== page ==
Clearing the air
Flying above McKean Avenue, a banner commemorating the 1948 inversion.
Deadly pollutants were trapped by an air inversion.
The Donora zinc works of American Steel & Wire Co. spew smoke at full blast in 1949.
?We feel that the people who died in the smog should be remembered.? ? Don Pavelko, former steelworker and nine-year member of Donora Council, who is president of the commemoration committee
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When Donora's high school football team played their arch-rivals from Monongahela on Oct. 30, 1948, nothing could keep John Lignelli and hundreds of other fans away from Donora's Legion Field.
The game was played on Saturday afternoon when a heavy, smelly mixture of smoke and fog blanketed the town -- in effect turning day into night.
Residents of the then-bustling mill town were accustomed to polluted air, "but by God, yes, that was the worst we had ever seen," said Mr. Lignelli, who at that time was a 27-year-old steelworker.
"I was sitting far up in the stands and we had a hard time identifying the players. It was pretty rough watching. I was sitting with a gentleman who was called home because his father was ill."
Mr. Lignelli soon would learn that the man's father had died, as did 19 others. An estimated 6,000 people were sickened in what would become an infamous chapter in the town's history.
The 60th anniversary of the Donora killer smog will be marked later this year locally with commemorative programs and nationally with a special feature on The Weather Channel.
Events started Oct. 26, when smoke and fog were trapped by an air inversion, keeping Donora and surrounding towns blanketed by pollutants that later were identified as sulfur dioxide, carbon monoxide and metal dust.
While the steel mill and zinc works continued to operate, the pollution grew steadily worse and the skies grew darker until Oct. 31, when the Donora Zinc Works shut down its smelters for the day.
The mood of the town "was not exactly panic but there was great concern," Mr. Lignelli said. "Older people were having respiratory problems. Delivery people coming from other towns had respirators on, but we were walking around" attending to business and scheduled activities, including a Friday night Halloween parade.
Sixty years later, Mr. Lignelli is now 87 and the longtime mayor of Donora, where most people know him by his nickname, "Chummy." He is one of the 35 members of the Donora Smog Commemoration Committee.
They've been working for more than seven months to "preserve and commemorate in a respectful and historically accurate manner the events of October 1948; and to acknowledge and accentuate the positive results that came out of the tragic circumstances," according to the mission statement posted on their Web site, www.donorasmog.com.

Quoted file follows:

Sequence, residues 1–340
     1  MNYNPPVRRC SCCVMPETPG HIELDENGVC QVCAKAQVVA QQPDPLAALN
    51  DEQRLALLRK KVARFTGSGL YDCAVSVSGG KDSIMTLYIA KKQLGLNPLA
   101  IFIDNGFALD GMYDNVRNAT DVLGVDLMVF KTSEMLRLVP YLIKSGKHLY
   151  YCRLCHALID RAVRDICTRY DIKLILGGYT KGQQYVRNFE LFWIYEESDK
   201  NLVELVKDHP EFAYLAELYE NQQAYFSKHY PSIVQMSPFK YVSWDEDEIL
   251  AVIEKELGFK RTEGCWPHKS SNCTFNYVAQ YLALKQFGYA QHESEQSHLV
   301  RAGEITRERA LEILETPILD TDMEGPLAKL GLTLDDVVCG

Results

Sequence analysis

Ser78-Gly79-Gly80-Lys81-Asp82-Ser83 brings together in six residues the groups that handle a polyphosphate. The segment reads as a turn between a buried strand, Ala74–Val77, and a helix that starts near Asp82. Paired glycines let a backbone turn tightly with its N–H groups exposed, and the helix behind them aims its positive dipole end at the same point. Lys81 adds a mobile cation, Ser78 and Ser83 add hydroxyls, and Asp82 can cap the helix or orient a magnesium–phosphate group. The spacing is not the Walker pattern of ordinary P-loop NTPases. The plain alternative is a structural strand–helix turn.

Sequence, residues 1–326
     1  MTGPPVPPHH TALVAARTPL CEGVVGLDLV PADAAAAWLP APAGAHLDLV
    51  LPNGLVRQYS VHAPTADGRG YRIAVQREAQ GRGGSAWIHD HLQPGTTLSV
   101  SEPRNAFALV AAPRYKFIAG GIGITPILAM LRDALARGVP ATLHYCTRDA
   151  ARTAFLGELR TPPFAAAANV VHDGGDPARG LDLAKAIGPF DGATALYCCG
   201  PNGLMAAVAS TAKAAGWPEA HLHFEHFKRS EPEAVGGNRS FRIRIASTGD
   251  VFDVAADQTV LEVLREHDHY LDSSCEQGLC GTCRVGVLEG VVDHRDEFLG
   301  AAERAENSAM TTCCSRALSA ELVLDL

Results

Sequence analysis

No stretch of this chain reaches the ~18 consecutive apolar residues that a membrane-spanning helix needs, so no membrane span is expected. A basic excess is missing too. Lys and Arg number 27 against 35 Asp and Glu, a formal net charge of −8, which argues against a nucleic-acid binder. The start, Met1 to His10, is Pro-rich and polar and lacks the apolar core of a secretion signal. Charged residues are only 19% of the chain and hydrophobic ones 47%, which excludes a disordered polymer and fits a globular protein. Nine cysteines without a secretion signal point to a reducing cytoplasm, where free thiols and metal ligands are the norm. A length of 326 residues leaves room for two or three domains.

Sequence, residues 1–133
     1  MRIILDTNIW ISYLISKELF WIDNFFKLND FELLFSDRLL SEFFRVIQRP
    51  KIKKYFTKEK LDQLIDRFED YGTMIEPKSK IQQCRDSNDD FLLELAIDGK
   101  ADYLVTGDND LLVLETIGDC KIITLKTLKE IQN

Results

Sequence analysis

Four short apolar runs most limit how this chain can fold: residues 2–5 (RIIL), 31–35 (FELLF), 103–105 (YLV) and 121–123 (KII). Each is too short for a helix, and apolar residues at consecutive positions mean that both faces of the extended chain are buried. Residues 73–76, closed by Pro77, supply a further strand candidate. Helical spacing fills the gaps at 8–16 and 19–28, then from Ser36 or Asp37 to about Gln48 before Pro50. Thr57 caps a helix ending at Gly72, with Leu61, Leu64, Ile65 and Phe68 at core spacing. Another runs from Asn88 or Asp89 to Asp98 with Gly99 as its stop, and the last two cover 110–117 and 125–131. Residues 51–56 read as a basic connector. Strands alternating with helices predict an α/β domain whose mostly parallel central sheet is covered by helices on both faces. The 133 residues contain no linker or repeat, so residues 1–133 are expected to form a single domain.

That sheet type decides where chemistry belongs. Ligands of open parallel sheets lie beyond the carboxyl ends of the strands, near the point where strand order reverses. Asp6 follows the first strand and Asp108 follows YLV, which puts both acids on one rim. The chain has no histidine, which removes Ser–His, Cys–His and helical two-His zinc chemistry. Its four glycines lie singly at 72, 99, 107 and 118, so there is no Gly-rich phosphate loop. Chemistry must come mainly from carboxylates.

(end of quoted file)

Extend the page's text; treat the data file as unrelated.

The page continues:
To mark the 60th anniversary, many events are planned for Oct. 20-26, culminating with a 2 p.m. memorial service with an interfaith choir at Our Lady of the Valley at the St. Philip Neri site.
A crew from The Weather Channel was in Donora last month, interviewing residents for a segment in its series "When Weather Made History," said committee member David Lonich. It is expected to air in October.
Members of the Donora Historical Society and faculty and staff from California University of Pennsylvania also are helping with the project.
"I'm not an environmental historian. I now know a lot more about the smog than I knew seven months ago." said Dr. Lonich, a retired Ringgold School District teacher who now teaches at Cal U.
"The smog settled in on Tuesday but people apparently weren't too concerned until Friday and Saturday when people were getting sick and dying," Dr. Lonich said. "Volunteer firemen were going door-to-door with oxygen. On Sunday afternoon, it rained and that broke up the smog."
Don Pavelko, a former steelworker and nine-year member of Donora Council, who is president of the commemoration committee, said, "We feel that the people who died in the smog should be remembered."
Mr. Pavelko said residents did not die in vain. The Donora smog marked the beginning of the environmental movement, including investigations, clean air legislation and the establishment of government environmental regulatory agencies, he said.
The committee is selling $10 T-shirts emblazoned with the logo, "Clean Air Started Here." The shirts are black and orange, which were the colors of Donora High School, now part of the Ringgold School District. The design, which includes industrial smokestacks on the back of the shirts, is credited to Cal U.
The commemoration begins at 9 a.m. Oct. 20 with a ribbon-cutting ceremony at the Donora Smog Museum at 595 McKean Ave. in a historic building that used to be a bank and later was a Chinese restaurant.
A symposium will follow, ,featuring guest speaker Devra Davis, a Donora native and epidemiologist who is director of the Center for Environmental Oncology of the University of Pittsburgh Cancer Institute.
Donora's killer smog is featured in Dr. Davis' 2002 book, "When Smoke Ran Like Water -- Tales of Environmental Deception and the Battle Against Pollution." It was a National Book Award finalist.
Commemoration events include a banquet at the Donora Municipal Building at 5 p.m. Oct. 25, said committee secretary DeAnne Pavelko.
Other activities, Mrs. Pavelko said, include:
• A commemorative play by Ringgold High School students Oct. 21-22.
• Free health screenings at the Donora borough building Oct. 23-24.
• A commemoration parade from Third Street to Eighth Street at 6 p.m. Oct. 23.
• A re-enactment of the Donora-Monongahela football game at 11 a.m. Oct. 25 at Legion Field.
First Published July 13, 2008 12:00 am